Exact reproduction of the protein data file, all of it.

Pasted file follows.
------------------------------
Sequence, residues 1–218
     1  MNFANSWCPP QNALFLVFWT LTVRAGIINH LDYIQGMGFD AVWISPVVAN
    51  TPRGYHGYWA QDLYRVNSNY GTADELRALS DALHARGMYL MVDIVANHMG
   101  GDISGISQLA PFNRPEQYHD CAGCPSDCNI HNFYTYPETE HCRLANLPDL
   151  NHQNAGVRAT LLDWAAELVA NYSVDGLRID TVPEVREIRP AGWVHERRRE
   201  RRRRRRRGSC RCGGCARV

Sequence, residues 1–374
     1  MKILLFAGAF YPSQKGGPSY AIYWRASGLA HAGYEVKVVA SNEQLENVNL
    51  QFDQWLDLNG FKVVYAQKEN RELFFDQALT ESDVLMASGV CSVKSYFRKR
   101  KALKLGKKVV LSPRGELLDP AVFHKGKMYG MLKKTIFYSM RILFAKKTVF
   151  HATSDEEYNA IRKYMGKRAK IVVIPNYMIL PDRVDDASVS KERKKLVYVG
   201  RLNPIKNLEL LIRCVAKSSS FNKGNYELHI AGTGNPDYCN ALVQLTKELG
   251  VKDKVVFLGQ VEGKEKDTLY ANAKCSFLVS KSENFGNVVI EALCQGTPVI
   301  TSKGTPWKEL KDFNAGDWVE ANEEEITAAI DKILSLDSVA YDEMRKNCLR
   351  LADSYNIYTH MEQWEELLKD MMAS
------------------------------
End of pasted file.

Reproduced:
Sequence, residues 1–218
     1  MNFANSWCPP QNALFLVFWT LTVRAGIINH LDYIQGMGFD AVWISPVVAN
    51  TPRGYHGYWA QDLYRVNSNY GTADELRALS DALHARGMYL MVDIVANHMG
   101  GDISGISQLA PFNRPEQYHD CAGCPSDCNI HNFYTYPETE HCRLANLPDL
   151  NHQNAGVRAT LLDWAAELVA NYSVDGLRID TVPEVREIRP AGWVHERRRE
   201  RRRRRRRGSC RCGGCARV

Sequence, residues 1–374
     1  MKILLFAGAF YPSQKGGPSY AIYWRASGLA HAGYEVKVVA SNEQLENVNL
    51  QFDQWLDLNG FKVVYAQKEN RELFFDQALT ESDVLMASGV CSVKSYFRKR
   101  KALKLGKKVV LSPRGELLDP AVFHKGKMYG MLKKTIFYSM RILFAKKTVF
   151  HATSDEEYNA IRKYMGKRAK IVVIPNYMIL PDRVDDASVS KERKKLVYVG
   201  RLNPIKNLEL LIRCVAKSSS FNKGNYELHI AGTGNPDYCN ALVQLTKELG
   251  VKDKVVFLGQ VEGKEKDTLY ANAKCSFLVS KSENFGNVVI EALCQGTPVI
   301  TSKGTPWKEL KDFNAGDWVE ANEEEITAAI DKILSLDSVA YDEMRKNCLR
   351  LADSYNIYTH MEQWEELLKD MMAS